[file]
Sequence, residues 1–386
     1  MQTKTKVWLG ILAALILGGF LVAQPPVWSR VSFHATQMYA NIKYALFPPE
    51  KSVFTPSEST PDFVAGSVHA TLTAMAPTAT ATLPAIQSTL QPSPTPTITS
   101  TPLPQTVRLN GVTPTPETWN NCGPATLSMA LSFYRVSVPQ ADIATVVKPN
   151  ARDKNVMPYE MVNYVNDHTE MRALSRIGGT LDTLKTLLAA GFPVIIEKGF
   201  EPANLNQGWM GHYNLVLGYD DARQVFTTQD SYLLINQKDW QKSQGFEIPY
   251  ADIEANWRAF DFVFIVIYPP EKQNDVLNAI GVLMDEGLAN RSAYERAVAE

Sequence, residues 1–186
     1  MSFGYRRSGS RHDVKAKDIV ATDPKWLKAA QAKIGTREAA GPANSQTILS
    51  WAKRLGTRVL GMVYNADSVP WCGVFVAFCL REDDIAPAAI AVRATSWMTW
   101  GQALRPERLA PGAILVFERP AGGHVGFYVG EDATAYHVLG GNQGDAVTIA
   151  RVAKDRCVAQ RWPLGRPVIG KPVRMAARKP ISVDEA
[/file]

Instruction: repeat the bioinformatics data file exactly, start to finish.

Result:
Sequence, residues 1–386
     1  MQTKTKVWLG ILAALILGGF LVAQPPVWSR VSFHATQMYA NIKYALFPPE
    51  KSVFTPSEST PDFVAGSVHA TLTAMAPTAT ATLPAIQSTL QPSPTPTITS
   101  TPLPQTVRLN GVTPTPETWN NCGPATLSMA LSFYRVSVPQ ADIATVVKPN
   151  ARDKNVMPYE MVNYVNDHTE MRALSRIGGT LDTLKTLLAA GFPVIIEKGF
   201  EPANLNQGWM GHYNLVLGYD DARQVFTTQD SYLLINQKDW QKSQGFEIPY
   251  ADIEANWRAF DFVFIVIYPP EKQNDVLNAI GVLMDEGLAN RSAYERAVAE

Sequence, residues 1–186
     1  MSFGYRRSGS RHDVKAKDIV ATDPKWLKAA QAKIGTREAA GPANSQTILS
    51  WAKRLGTRVL GMVYNADSVP WCGVFVAFCL REDDIAPAAI AVRATSWMTW
   101  GQALRPERLA PGAILVFERP AGGHVGFYVG EDATAYHVLG GNQGDAVTIA
   151  RVAKDRCVAQ RWPLGRPVIG KPVRMAARKP ISVDEA